theCO’s program, Dev Catalyst, annually hosts a competition for local students who are interested in coding and robotics. Throughout the course of the program, nearly 800 students participated in one of three categories (Novice Web Development, Advanced Web Development, and Data Development) in order to learn teamwork skills, develop professional skills, network with tech professionals, and hopefully win the grand prize trip to San Francisco, California.

Accompanying the students, are teachers of the participants from the local Dev Catalyst schools, who get to join the students in the events of the trip, like visiting big tech companies and speaking with tech professionals.

This trip gives students the chance to see the industry for themselves, and encourage them to continue pursuing STEM related fields. Yet, it also provides teachers the opportunity to see how they can improve or develop their classrooms based on the first hand experience of seeing big tech companies at work.

Donna Newberry, Mathematics and Technology Instructor, at Jackson Christian School, shares how the Dev Catalyst San Francisco trip has helped mold her classroom.

“My classroom was already casual with a couch, futon, bistro table, and other work tables, so it was reinforcement for me to see successful workplaces arranged and decorated informally. All of my students have laptop computers now, so they do not have to feel tied to a desk. I think the more the students feel "at home", the better.”

By encouraging students to work together to meet common goals, the classroom dynamic changes to one of participation, and models itself after the modern tech industry.

“When I was in San Francisco, I heard the word collaborate over and over and over again,” Newberry says.  So I have arranged my classroom so that the students sit together. One thing I have added since beginning Dev Catalyst competitions is a bookcase for keeping trophies and pictures of our students who have won trips to San Francisco. I try to keep that goal in front of them every day.”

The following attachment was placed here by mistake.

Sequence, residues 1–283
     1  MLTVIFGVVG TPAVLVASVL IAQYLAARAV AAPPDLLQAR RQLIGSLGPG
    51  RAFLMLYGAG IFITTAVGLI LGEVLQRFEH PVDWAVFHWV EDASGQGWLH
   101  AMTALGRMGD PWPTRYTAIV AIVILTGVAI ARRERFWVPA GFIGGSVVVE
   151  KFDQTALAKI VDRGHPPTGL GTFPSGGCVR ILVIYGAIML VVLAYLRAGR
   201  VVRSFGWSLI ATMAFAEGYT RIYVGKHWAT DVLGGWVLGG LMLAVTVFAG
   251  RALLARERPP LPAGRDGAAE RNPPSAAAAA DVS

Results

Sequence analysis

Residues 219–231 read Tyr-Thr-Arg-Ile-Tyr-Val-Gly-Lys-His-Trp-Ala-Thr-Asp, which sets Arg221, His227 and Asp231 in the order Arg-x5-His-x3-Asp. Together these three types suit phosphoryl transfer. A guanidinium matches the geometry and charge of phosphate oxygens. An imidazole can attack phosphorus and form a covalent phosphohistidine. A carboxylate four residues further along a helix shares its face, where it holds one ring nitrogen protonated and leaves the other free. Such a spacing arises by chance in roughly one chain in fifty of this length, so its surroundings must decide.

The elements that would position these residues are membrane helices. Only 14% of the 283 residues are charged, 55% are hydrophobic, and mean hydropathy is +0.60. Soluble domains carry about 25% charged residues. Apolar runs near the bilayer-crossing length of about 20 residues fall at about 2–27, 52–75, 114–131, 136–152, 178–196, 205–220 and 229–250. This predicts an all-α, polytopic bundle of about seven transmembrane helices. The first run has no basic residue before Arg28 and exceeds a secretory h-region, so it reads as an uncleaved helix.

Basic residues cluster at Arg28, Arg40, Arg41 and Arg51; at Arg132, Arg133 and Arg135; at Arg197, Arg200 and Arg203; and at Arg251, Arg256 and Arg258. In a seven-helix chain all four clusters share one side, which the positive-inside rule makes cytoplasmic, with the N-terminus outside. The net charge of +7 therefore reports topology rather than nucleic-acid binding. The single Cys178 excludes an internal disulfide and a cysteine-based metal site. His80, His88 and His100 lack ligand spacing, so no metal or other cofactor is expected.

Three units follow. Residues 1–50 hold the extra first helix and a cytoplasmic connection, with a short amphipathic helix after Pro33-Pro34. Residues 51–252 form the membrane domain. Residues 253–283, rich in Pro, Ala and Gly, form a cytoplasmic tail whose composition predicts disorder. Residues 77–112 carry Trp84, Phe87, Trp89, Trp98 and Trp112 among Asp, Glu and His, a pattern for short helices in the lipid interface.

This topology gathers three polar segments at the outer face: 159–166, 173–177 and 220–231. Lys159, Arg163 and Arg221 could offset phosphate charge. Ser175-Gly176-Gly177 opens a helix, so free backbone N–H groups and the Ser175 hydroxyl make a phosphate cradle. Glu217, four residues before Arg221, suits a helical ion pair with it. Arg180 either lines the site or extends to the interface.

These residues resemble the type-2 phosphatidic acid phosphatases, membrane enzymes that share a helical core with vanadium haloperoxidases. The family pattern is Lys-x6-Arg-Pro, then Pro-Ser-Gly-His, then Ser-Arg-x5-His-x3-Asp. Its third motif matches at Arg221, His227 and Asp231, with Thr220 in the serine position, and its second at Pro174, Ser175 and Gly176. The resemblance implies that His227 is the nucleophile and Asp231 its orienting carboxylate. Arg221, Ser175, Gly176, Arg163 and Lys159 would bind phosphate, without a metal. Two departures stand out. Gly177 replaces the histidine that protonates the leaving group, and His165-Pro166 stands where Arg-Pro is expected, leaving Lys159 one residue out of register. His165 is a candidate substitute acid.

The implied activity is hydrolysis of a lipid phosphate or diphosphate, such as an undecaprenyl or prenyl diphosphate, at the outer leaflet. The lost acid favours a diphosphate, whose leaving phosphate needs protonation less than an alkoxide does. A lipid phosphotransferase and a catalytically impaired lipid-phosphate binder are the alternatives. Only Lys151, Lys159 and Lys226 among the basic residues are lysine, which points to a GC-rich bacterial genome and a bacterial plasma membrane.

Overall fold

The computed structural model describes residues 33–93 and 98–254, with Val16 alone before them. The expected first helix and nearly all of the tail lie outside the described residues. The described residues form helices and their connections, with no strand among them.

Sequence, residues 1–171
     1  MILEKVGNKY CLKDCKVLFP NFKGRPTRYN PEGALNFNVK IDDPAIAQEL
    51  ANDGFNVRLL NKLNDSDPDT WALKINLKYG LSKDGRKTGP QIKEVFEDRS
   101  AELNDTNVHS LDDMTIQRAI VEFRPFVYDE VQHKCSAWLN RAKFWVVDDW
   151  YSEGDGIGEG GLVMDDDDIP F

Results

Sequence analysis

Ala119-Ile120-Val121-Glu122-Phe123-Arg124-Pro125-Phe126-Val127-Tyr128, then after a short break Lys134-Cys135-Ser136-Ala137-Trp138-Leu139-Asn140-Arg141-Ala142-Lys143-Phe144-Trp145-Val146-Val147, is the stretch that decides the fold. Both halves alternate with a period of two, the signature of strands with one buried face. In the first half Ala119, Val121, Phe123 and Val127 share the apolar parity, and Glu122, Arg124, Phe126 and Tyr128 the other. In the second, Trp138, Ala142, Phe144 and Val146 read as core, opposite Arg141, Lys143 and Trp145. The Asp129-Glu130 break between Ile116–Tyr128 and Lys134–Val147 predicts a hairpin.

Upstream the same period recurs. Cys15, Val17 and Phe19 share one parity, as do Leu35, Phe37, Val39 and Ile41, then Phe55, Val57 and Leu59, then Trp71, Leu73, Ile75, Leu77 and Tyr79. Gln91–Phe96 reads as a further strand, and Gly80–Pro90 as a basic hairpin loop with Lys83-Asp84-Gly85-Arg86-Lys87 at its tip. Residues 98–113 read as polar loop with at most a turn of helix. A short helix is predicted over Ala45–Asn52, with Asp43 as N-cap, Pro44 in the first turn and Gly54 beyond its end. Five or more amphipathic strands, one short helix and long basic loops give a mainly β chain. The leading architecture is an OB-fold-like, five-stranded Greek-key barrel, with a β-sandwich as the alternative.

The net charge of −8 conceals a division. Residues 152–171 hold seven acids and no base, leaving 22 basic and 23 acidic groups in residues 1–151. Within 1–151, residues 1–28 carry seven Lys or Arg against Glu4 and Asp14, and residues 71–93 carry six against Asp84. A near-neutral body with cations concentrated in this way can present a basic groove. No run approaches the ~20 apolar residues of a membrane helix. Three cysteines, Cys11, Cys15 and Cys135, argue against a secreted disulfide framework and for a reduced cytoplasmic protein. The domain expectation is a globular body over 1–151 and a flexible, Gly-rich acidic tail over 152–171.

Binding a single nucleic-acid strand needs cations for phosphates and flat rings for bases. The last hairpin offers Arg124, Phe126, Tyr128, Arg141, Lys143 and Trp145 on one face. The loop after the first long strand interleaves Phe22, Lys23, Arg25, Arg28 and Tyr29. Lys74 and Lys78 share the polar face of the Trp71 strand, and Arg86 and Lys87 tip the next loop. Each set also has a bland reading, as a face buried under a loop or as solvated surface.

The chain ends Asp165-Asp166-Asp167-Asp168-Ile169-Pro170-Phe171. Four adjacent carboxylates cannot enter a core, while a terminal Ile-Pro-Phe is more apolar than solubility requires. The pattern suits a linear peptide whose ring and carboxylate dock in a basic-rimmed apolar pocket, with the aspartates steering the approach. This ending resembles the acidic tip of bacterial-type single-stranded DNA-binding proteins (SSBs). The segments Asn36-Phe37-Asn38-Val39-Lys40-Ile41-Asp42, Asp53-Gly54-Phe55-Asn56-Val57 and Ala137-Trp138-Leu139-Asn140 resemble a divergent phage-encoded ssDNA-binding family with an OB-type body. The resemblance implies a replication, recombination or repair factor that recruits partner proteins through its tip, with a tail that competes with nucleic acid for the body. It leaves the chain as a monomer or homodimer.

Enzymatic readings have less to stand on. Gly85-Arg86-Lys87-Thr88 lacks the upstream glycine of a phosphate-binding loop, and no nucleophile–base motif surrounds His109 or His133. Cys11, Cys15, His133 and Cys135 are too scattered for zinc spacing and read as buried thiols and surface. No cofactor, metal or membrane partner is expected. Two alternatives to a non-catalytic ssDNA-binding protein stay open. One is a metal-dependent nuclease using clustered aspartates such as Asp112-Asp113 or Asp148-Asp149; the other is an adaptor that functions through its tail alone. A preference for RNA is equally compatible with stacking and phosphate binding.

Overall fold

Kimberly Moore, CTE teacher at Chester County High School, says “We invested in Autonomous Desk and it has literally changed the "spirit" of the room. Redesigning the layout and adding the stand-up desk has naturally made it more accessible to students to move around and allowed students some freedom that they do not get to experience in other classrooms.”

Dev Catalyst has helped build the coding culture in the greater West Tennessee area, not just for students, but also for teachers. By partnering with, and encouraging teachers to come on the San Francisco trip, teachers are allowed to learn new styles of  teaching and classroom management.

“Pivotal Labs allowed us to participate in their morning "Startup" meeting,” says Moore. “It was a fun circle allowing projects that had just been completed to be highlighted, along with updates and helps. It was quick and a fun way to update the entire group of employees of what was going on around them... It also allowed others to be proactive and coming to you on their time. The concept and importance of "pair coding" was most likely the most valuable concept that I have implemented in my classroom.”

The trip to Silicon Valley gives students the opportunity to recognize the innovation that is driving so many careers and businesses today, and theCO is optimistic that the Dev Catalyst students can carry out anything they set their minds to.